The new video collaboration between filmmaker Harmony Korine and Proenza Schouler is a doozy. After the brilliant film Act Da Fool, which showcased Proenza Schouler’s Fall 2010 RTW collection, I was overwhelmed with anticipation for this year’s creative iteration, titled Snowballs. The video was premiered (quite fittingly) at Silencio, a club in Paris designed completely by David Lynch.
Observing Act Da Fool in juxtaposition with Snowballs, I would venture to say that if you give Korine an inch he is wont to take a mile.
The first film stirred up some controversy, with arguments focused on the misrepresentation of urban culture. One must realize that Korine’s whole oeuvre focuses on groups that often go unnoticed. His portraits of these individuals come from a completely different angle than we are generally used to, and therefore arouse distain and controversy among many critics.
With that introduction, lets delve into Snowballs – the most alien portrayal of fashion I’ve witnessed. The video’s protagonists are two young females decked out in selections from Proenza Schouler’s Fall 2011 RTW line, juxtaposed against an assortment of cheap store-bought ‘Indian’ headdresses, plastic bags as shoes, and other passing accoutrements as costume. Styled by Pop magazine’s Vanessa Reid, the pairings point to society’s nascent obsession with Native American cultures, and are rightly spliced with a heavy dose of the derelict.
The two protagonists move through this dystopian space in a puckish manner, dancing in backyard forts, and wandering down deserted Nashville streets, where manufactured homes dot the landscape to form a decidedly lackluster setting for gorgeous clothes. It’s an unsettling narrative, to say the least, wherein a nasally sing-song voiceover vaguely references issues of American Indian oppression.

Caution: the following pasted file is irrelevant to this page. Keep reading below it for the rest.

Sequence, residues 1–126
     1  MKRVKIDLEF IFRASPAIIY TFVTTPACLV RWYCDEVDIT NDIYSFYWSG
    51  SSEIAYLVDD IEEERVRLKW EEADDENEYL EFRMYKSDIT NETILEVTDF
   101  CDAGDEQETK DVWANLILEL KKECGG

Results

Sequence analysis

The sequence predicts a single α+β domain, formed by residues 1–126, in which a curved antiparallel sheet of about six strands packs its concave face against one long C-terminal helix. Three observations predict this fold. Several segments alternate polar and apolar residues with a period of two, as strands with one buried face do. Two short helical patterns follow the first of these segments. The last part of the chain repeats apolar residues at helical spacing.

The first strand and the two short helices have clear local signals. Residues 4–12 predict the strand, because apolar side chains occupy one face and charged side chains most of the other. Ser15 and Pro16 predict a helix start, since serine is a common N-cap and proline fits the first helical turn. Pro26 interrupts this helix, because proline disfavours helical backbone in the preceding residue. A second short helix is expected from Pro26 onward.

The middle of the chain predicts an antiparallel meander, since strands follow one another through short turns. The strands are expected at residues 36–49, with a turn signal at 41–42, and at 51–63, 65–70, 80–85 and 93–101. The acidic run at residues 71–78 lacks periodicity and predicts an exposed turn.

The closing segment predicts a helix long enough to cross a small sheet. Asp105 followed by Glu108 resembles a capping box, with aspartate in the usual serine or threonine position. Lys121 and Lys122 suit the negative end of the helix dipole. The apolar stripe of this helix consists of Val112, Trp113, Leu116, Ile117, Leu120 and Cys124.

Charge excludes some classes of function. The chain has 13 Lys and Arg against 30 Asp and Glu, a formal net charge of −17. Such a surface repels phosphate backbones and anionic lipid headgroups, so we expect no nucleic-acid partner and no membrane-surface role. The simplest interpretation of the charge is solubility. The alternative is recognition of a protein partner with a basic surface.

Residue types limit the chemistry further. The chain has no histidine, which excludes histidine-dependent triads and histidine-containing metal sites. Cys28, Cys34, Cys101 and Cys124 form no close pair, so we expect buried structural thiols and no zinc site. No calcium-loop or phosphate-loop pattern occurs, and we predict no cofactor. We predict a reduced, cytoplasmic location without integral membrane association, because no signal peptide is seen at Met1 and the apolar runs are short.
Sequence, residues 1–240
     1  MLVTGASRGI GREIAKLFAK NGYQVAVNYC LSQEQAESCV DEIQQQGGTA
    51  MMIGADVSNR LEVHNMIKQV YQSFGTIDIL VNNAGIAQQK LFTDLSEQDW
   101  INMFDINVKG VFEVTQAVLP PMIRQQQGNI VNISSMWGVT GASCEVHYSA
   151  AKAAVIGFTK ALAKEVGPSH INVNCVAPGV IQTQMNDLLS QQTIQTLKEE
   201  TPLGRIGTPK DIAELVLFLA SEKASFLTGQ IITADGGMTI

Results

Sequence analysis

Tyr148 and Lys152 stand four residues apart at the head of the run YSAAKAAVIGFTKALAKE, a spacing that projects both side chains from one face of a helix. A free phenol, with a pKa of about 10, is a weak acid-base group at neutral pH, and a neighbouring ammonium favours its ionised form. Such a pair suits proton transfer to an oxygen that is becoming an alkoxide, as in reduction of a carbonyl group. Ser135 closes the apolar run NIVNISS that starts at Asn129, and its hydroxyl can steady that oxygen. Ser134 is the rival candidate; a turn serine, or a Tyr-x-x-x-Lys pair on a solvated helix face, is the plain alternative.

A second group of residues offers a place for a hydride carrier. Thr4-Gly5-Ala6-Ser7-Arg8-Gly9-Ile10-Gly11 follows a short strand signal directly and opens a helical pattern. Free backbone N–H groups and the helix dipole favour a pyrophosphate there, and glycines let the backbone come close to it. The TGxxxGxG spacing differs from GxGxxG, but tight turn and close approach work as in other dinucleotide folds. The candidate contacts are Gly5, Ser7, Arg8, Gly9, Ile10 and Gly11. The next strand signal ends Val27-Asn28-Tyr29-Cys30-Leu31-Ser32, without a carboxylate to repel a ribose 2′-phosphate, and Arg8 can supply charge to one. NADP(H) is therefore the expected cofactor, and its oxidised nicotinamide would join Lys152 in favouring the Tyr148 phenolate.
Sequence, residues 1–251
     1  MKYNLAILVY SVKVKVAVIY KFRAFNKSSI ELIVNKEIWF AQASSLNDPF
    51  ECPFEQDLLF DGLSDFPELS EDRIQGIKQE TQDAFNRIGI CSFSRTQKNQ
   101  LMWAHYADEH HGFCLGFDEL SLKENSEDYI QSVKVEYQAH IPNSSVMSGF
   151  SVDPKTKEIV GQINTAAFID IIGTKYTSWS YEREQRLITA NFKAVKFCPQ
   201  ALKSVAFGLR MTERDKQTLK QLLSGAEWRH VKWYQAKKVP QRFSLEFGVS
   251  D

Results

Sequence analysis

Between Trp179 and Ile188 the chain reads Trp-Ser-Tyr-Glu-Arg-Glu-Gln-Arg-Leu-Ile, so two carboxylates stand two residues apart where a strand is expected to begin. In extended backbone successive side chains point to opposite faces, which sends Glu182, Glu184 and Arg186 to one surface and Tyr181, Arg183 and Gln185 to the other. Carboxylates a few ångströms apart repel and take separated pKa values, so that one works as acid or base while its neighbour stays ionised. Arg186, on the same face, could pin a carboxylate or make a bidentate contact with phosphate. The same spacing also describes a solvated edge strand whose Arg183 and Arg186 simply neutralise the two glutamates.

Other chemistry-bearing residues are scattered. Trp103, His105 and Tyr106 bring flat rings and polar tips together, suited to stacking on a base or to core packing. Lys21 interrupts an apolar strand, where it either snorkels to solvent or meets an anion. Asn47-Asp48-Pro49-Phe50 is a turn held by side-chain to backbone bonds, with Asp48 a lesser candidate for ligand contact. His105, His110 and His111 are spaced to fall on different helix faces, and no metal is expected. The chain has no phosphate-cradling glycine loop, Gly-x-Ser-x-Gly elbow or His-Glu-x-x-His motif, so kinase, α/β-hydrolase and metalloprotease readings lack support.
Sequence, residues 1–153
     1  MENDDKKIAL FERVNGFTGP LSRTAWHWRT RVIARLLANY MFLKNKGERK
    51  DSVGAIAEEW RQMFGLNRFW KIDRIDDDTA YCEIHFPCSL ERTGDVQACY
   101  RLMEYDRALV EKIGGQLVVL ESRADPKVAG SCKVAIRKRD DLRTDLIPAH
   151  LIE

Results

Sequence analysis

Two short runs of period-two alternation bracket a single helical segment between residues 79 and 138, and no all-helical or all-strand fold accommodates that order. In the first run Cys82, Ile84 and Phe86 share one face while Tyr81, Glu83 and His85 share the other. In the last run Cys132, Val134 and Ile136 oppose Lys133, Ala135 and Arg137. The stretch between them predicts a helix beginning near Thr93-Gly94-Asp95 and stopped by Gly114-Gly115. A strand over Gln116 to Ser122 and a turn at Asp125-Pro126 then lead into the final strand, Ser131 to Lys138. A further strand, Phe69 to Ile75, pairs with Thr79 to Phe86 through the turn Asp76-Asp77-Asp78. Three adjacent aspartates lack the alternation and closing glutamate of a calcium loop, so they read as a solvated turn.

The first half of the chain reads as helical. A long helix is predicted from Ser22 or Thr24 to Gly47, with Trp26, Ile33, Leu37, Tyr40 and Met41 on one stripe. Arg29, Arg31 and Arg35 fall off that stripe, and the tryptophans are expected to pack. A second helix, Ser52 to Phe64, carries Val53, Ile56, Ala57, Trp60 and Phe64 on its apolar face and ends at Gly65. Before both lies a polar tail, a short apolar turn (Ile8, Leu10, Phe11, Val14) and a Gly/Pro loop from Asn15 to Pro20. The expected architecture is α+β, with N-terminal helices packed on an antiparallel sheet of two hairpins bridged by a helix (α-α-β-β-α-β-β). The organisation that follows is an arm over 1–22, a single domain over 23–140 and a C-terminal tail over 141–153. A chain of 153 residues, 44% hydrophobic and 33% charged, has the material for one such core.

As the film proceeds, it explores a decidedly Lynchian aura, causing an inexplicable feeling that forced me to the edge of my seat multiple times. The sets become blanketed in darkness, with characters losing layers of clothing as day turns to night. At one point a male character enters the narrative, ranting prophetically, as if possessed.
Snowballs does not have the same evocative, dreamlike qualities of Act Da Fool; you can’t let it take you away like a magic carpet. But Snowballs is effective in that it incites a strong curiosity: what is the true context of these clothes, and what is their origin in terms of influences? Proenza Schouler said they looked at many Native American textiles for inspiration, yet the wearers of the clothing are far removed from those influences. We are trained to critique the conceptual within art, the aesthetic within fashion, but the true beauty of Snowballs is that Korine invites us to do both, giving the fashion a space within which to live and breathe, and indirectly imbuing the clothes with a meaning beyond artifice.
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